Ingrid Bergman

From Academic Kids

Ingrid Bergman (August 29, 1915August 29, 1982) was an Academy Award-winning Swedish actress.

Bergman was born in Stockholm, Sweden. When still very young, she lost both of her parents and was raised by some relatives; she studied at the Royal Dramatic Theater in Stockholm and had a small role in Munkbrogreven (1934), her first movie. After a dozen films in Sweden, Bergman was signed by David O. Selznick to star in the remake of Intermezzo (1939). The film was an enormous success and "Sweden's illustrious gift to Hollywood" had arrived.

After completing a few pictures in Sweden and appearing in three successful films in the United States, Bergman joined Humphrey Bogart in the 1942 classic film Casablanca. Two years later she received her first Academy Award nomination for Best Actress for the film, For Whom the Bell Tolls (1943). The following year she won Best Actress for Gaslight (1944). She received a third consecutive nomination for Best Actress with her performance in The Bells of St. Mary's (1945). She would receive another Best Actress nomination for Joan of Arc (1948).

In 1949 Bergman met director Roberto Rossellini. She fell in love with him while performing in his film Stromboli (1950). Bergman left both her husband and daughter for Rossellini and they married and had a son. The affair caused was a scandal in both Hollywood and with the public; Bergman was branded as "Hollywood's apostle of degradation." One of Rossellini's and Bergman's children is the model and actress Isabella Rossellini.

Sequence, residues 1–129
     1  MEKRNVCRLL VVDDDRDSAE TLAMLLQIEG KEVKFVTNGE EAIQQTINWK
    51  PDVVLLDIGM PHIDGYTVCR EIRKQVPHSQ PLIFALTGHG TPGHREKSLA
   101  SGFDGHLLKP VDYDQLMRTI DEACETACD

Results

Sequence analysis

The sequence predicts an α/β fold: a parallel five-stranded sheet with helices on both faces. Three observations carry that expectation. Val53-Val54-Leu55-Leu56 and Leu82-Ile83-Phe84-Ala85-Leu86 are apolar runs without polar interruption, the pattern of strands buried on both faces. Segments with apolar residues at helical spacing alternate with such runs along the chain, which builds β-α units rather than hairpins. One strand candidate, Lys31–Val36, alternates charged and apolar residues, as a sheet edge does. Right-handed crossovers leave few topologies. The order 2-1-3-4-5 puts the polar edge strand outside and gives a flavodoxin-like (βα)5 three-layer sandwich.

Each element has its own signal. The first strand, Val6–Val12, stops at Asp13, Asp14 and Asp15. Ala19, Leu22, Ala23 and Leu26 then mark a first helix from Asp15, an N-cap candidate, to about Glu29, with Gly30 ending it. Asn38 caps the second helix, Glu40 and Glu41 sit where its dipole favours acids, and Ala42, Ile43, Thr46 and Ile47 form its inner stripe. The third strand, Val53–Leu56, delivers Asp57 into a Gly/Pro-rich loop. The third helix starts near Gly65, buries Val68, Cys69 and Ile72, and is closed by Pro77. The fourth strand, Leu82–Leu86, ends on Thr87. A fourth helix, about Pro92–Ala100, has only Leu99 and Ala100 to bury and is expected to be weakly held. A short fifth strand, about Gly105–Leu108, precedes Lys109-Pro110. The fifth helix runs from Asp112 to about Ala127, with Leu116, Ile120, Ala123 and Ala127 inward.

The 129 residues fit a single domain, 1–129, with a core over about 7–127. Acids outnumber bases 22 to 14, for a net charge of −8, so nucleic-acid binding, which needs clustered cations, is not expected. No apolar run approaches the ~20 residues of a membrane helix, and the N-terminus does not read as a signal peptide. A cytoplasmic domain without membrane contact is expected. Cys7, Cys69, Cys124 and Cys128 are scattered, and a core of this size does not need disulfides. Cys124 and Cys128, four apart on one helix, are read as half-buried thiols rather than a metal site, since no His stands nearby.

With her starring role in (1956)'s Anastasia, Bergman made her post-scandal return to Hollywood and won Best Actress for a second time. She would continue to alternate between performances in American and European films. She received her third Academy Award (and first for Best Supporting Actress) for her performance in Murder on the Orient Express (1975). In 1978 she played in Ingmar Bergman's Autumn Sonata (also known as H?onaten) for which she received her seventh Academy Award nomination and made her final performance on the big screen. It is considered to be among her best performances.

She could speak Swedish, German, French, English and Italian fluently, which caused fellow actor John Gielgud's remark, "She speaks five languages, and can't act in any of them."

She died of cancer on her birthday in 1982 in London, England. She was cremated in Sweden, her ashes scattered with a part kept to be interred in the Norra begravningsplatsen in Stockholm.

Bergman was honored posthumously with an Emmy Award for Best Actress in 1982 for the television mini-series A Woman Called Golda, about Israeli prime minister Golda Meir.

For her contribution to the motion picture industry, Ingrid Bergman has a star on the Hollywood Walk of Fame at 6759 Hollywood Blvd.


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